FOR: DECEMBER 2011 BOARD MEETING
TO BE PRESENTED BY TITLE: Tami Ryan, Wildlife Health Section Chief
Volume 18, Number 3—March 2012 Synopsis Occurrence, Transmission, and Zoonotic Potential of Chronic Wasting Disease
Prevalence and Surveillance
Originally recognized only in southeastern Wyoming and northeastern Colorado, USA, CWD was reported in Canada in 1996 and Wisconsin in 2001 and continues to be identified in new geographic locations (Figure 1, panel A). CWD has been identified in free-ranging cervids in 15 US states and 2 Canadian provinces and in ≈100 captive herds in 15 states and provinces and in South Korea (Figure 1, panel B).
CWD surveillance programs are now in place in almost all US states and Canadian provinces (Figure 2, panel A). More than 1,060,000 free-ranging cervids have reportedly been tested for CWD (Figure 2, panel B) and ≈6,000 cases have been identified (Figure 2, panel C) according to data from state and provincial wildlife agencies.
Testing of captive cervids is routine in most states and provinces, but varies considerably in scope from mandatory testing of all dead animals to voluntary herd certification programs or mandatory testing of only animals suspected of dying of CWD.
Long-term effects of CWD on cervid populations and ecosystems remain unclear as the disease continues to spread and prevalence increases. In captive herds, CWD might persist at high levels and lead to complete herd destruction in the absence of human culling. Epidemiologic modeling suggests the disease could have severe effects on free-ranging deer populations, depending on hunting policies and environmental persistence (8,9). CWD has been associated with large decreases in free-ranging mule deer populations in an area of high CWD prevalence (Boulder, Colorado, USA) (5). In addition, CWD-infected deer are selectively preyed upon by mountain lions (5), and may also be more vulnerable to vehicle collisions (10). Long-term effects of the disease may vary considerably geographically, not only because of local hunting policies, predator populations, and human density (e.g., vehicular collisions) but also because of local environmental factors such as soil type (11) and local cervid population factors, such as genetics and movement patterns (S.E. Saunders, unpub. data).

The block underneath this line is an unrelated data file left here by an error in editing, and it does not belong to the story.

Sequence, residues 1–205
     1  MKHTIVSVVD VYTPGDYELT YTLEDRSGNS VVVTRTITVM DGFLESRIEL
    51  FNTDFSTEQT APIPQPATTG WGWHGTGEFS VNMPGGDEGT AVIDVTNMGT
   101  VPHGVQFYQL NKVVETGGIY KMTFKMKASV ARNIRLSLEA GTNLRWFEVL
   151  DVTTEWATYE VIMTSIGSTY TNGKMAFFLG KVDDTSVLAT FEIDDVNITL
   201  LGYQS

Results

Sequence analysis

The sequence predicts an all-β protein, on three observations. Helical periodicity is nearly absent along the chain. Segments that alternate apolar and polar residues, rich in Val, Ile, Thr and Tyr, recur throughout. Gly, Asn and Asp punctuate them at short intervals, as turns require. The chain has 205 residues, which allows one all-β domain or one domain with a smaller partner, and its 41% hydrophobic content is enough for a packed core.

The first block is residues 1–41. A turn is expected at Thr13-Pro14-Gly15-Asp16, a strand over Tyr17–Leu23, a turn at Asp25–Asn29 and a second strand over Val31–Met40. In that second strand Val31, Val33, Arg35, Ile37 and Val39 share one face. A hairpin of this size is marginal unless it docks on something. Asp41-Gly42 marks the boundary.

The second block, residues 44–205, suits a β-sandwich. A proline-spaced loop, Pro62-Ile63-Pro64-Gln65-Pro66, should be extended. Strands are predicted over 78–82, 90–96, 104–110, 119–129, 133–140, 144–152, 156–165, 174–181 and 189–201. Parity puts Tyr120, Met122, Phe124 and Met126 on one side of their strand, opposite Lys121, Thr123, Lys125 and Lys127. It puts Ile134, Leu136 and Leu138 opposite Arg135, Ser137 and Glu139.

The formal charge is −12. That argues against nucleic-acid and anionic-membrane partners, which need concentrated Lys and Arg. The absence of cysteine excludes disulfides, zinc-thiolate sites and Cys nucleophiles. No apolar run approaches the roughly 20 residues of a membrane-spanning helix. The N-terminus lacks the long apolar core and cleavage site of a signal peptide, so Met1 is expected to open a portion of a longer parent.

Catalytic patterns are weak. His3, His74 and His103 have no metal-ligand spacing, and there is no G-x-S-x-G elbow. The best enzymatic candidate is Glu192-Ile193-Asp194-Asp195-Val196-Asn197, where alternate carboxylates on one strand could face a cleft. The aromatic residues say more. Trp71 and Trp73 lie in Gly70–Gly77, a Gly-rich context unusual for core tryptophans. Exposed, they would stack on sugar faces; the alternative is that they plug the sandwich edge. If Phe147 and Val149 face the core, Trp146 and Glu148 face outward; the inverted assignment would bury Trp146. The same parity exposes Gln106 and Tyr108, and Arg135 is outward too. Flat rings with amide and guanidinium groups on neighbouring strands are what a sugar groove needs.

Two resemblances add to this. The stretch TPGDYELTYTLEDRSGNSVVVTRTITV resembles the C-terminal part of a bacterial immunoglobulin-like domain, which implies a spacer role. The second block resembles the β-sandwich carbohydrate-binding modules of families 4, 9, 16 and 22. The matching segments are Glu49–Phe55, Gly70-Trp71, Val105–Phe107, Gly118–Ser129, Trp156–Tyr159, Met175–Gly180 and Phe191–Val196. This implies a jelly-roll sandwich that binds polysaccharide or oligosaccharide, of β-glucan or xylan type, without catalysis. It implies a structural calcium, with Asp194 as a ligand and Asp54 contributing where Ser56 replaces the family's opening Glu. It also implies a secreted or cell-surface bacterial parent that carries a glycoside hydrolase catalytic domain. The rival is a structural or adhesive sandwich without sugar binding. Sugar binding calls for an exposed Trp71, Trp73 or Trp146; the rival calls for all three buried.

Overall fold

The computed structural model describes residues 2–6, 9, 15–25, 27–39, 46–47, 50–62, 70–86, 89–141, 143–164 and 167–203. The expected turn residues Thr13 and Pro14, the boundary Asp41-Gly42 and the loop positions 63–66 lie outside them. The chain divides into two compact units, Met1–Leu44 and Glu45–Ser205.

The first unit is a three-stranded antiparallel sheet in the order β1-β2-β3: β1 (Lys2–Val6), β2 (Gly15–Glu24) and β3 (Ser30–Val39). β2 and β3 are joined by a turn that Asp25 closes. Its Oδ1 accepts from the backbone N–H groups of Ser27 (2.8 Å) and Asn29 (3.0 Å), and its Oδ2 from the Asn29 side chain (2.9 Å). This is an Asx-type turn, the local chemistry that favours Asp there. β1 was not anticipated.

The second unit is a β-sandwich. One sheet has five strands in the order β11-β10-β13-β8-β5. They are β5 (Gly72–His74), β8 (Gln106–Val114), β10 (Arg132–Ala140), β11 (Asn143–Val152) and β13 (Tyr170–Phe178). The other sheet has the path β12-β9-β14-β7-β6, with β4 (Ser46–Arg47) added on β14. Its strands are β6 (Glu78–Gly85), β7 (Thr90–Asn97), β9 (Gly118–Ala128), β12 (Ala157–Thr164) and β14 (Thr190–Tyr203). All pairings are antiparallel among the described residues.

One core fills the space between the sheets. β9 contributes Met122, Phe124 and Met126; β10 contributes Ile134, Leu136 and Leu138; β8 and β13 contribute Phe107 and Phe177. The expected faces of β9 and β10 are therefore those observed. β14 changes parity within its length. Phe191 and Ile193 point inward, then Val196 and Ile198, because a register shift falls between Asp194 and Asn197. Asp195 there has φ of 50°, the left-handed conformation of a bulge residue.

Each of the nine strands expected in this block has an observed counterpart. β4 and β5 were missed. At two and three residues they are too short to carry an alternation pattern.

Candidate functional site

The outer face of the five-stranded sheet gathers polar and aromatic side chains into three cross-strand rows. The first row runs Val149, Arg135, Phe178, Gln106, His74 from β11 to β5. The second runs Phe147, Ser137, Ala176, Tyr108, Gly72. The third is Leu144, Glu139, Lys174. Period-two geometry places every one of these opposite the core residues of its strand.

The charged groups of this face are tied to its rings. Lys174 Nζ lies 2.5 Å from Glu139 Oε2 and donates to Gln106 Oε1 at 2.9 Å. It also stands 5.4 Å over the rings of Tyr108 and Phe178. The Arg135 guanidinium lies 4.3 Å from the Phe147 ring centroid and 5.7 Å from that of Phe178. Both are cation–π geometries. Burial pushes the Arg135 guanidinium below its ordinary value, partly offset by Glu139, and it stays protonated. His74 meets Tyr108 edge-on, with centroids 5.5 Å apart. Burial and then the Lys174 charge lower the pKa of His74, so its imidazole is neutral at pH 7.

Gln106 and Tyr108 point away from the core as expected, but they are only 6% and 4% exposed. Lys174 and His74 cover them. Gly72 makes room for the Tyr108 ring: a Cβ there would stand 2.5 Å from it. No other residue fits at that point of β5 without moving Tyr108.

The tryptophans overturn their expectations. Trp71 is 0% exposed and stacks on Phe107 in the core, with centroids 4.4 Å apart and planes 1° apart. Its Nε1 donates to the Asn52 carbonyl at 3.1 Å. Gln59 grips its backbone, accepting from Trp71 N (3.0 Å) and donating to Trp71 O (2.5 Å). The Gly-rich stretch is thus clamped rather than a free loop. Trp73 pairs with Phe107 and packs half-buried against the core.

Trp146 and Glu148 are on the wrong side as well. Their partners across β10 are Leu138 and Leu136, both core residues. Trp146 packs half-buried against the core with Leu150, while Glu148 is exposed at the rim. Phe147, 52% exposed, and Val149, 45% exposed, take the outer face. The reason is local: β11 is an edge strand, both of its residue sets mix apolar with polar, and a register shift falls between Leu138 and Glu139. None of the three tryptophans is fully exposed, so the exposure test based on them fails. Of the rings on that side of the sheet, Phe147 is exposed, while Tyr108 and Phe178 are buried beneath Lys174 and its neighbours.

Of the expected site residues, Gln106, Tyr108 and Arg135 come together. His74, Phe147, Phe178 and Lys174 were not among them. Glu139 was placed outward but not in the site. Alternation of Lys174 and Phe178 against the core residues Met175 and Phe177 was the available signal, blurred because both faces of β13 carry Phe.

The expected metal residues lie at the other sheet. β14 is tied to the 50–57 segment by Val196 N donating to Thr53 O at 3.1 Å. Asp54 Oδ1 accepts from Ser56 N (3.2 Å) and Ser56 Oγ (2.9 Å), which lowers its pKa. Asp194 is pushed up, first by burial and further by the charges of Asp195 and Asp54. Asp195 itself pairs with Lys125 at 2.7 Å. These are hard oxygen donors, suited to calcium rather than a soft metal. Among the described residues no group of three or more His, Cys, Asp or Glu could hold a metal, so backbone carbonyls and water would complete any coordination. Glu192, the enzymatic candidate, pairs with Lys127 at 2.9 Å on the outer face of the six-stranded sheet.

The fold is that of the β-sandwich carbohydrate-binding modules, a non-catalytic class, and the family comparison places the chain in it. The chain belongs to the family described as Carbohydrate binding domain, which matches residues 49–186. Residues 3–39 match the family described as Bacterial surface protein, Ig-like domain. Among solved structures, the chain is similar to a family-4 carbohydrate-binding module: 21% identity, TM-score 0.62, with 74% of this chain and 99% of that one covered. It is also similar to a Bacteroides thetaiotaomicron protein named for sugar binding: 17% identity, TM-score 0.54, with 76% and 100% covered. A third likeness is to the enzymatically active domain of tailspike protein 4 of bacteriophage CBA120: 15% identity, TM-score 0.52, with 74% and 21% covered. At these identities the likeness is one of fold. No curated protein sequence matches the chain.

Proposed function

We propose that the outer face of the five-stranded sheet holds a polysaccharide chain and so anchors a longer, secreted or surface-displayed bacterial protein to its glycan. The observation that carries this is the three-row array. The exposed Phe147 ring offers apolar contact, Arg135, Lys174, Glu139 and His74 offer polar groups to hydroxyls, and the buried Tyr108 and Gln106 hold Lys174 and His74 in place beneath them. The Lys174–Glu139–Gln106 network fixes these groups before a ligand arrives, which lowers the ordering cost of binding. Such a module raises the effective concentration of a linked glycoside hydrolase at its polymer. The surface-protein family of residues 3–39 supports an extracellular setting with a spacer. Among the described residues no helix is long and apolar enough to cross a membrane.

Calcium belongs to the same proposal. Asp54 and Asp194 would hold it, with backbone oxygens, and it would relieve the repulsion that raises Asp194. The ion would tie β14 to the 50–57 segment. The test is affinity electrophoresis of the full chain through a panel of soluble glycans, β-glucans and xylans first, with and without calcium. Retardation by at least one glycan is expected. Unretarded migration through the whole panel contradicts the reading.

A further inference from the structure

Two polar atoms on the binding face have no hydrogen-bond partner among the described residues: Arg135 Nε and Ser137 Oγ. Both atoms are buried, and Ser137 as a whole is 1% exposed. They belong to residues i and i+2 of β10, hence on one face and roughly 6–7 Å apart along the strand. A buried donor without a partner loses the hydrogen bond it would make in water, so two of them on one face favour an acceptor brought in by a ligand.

Controlling the spread of CWD, especially by human action, is a more attainable goal than eradication. Human movement of cervids has likely led to spread of CWD in facilities for captive animals, which has most likely contributed to establishment of new disease foci in free-ranging populations (Figure 1, panel A). Thus, restrictions on human movement of cervids from disease-endemic areas or herds continue to be warranted. Anthropogenic factors that increase cervid congregation such as baiting and feeding should also be restricted to reduce CWD transmission. Appropriate disposal of carcasses of animals with suspected CWD is necessary to limit environmental contamination (20), and attractive onsite disposal options such as composting and burial require further investigation to determine contamination risks. The best options for lowering the risk for recurrence in facilities for captive animals with outbreaks are complete depopulation, stringent exclusion of free-ranging cervids, and disinfection of all exposed surfaces. However, even the most extensive decontamination measures may not be sufficient to eliminate the risk for disease recurrence (20; S.E. Saunders et al. unpub. data)